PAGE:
Urban Ore: Trail
In the past few years, the business development team at Trail Operation has been working to adapt Teck’s Trail smelter complex furnace technology to responsibly recycle thousands of tonnes of end-of-life TVs, monitors, computers and printers – or “e-waste” – in Western Canada and the United States.
E-waste is generated in enormous and increasing volumes every year; Environment Canada estimates that Canadians produced 156,000 tonnes of e-waste in 2005, and predicts that amounts will reach approximately 224,500 tonnes by 2010. The projected 34% increase over eight years reflects consumer trends favouring ‘disposable’ technology; this is most apparent in the average three-year turnover for laptops and two-year turnover for cell phones . In addition to the sheer volume of trash our society gen¬erates, there is another issue to consider: e-scrap contains metals and hazardous materials that escape their protective casings when these are broken during disposal, and leak into the soil and waterways surrounding landfills.
Landfilling of e-waste, therefore, is a questionable practice for environmental reasons in addition to being a loss of valuable metals. Rapid innovations and turnover of electronic equipment has far outpaced industry’s ability to handle its disposal; e-waste destined for recycling often finds its way to developing countries, where it is manually dismantled in unregulated, outdated and unhealthy ways. Taking care of our own e-waste in Canada breaks this cycle of exporting the problem to countries less capable of dealing with it safely.
In Trail Operation’s fuming process, shredded e-waste is added as supplemental feed to the furnace. Metals such as germanium, zinc, indium and lead are recovered as metal powder and integrated into the standard products of Trail Operation. Plastics and wood from old TVs are consumed as fuel, generating steam that is recovered and used to heat vessels elsewhere onsite. Materials such as silica and iron are incorporated into the final product, which is then sold for use in Portland cement manufacturing.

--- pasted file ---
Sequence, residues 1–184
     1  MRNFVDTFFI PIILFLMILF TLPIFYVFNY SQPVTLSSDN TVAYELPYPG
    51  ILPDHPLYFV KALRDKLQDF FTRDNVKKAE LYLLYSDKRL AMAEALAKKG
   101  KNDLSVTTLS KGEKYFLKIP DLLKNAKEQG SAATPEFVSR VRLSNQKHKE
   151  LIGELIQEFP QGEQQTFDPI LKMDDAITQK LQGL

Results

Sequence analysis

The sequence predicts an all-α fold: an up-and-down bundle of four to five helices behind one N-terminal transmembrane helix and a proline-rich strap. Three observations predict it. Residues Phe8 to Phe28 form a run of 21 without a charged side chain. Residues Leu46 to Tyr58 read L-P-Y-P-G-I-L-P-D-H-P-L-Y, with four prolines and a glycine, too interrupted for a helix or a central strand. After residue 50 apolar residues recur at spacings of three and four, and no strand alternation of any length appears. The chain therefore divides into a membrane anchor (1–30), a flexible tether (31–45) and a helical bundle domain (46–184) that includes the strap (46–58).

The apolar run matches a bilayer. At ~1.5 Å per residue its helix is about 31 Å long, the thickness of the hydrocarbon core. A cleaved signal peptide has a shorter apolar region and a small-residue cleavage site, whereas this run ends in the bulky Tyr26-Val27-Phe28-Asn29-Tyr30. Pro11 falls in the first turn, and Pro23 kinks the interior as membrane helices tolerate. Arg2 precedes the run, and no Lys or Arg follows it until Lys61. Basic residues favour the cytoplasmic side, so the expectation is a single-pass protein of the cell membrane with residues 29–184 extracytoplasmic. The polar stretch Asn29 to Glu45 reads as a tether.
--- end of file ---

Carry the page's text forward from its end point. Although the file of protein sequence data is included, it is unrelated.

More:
Over 6,600 tonnes of e-waste was processed through the fuming furnace in 2006 and 2007, representing about 150 tonnes of lead that has been recovered, reused and kept out of landfills. By the end of 2007, Trail Operation had been accepted as a processor for the BC, Alberta and Saskatchewan provincial electronic recycling programs, having met their strict environmental and responsible processing requirements.
In 2008, the process continues to evolve. For example, due to the high demand for responsible recycling of leaded cathode ray tube glass found in old TVs, a second recycling stream is now sent directly to the Operation’s KIVCET smelter. This offsets some minor reagent costs, and is a more efficient processing point for leaded materials.
To handle the growing amounts of e-waste and related materials, engineering studies are underway to expand the capacity of the recycling facilities at Trail. Teck is also researching capabilities to recycle other types of e-waste such as DVD players, VCRs, audio/visual equipment, gaming stations, cell phones and household alkaline batteries (e.g., A, AA, AAA, C, and D cells).